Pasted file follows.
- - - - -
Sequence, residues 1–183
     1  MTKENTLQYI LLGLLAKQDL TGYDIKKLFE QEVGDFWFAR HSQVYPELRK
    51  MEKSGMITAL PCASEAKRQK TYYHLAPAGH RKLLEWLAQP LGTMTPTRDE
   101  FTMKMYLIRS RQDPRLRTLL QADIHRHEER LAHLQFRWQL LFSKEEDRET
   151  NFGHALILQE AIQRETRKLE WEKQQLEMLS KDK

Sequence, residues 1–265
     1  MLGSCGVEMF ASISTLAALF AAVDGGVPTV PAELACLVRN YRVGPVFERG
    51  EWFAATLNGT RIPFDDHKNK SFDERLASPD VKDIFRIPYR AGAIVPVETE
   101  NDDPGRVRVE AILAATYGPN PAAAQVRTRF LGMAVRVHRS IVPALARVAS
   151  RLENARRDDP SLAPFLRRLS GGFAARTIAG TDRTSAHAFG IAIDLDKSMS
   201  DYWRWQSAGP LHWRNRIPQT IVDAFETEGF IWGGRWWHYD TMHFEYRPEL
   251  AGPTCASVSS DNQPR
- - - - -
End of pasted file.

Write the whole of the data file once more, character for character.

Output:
Sequence, residues 1–183
     1  MTKENTLQYI LLGLLAKQDL TGYDIKKLFE QEVGDFWFAR HSQVYPELRK
    51  MEKSGMITAL PCASEAKRQK TYYHLAPAGH RKLLEWLAQP LGTMTPTRDE
   101  FTMKMYLIRS RQDPRLRTLL QADIHRHEER LAHLQFRWQL LFSKEEDRET
   151  NFGHALILQE AIQRETRKLE WEKQQLEMLS KDK

Sequence, residues 1–265
     1  MLGSCGVEMF ASISTLAALF AAVDGGVPTV PAELACLVRN YRVGPVFERG
    51  EWFAATLNGT RIPFDDHKNK SFDERLASPD VKDIFRIPYR AGAIVPVETE
   101  NDDPGRVRVE AILAATYGPN PAAAQVRTRF LGMAVRVHRS IVPALARVAS
   151  RLENARRDDP SLAPFLRRLS GGFAARTIAG TDRTSAHAFG IAIDLDKSMS
   201  DYWRWQSAGP LHWRNRIPQT IVDAFETEGF IWGGRWWHYD TMHFEYRPEL
   251  AGPTCASVSS DNQPR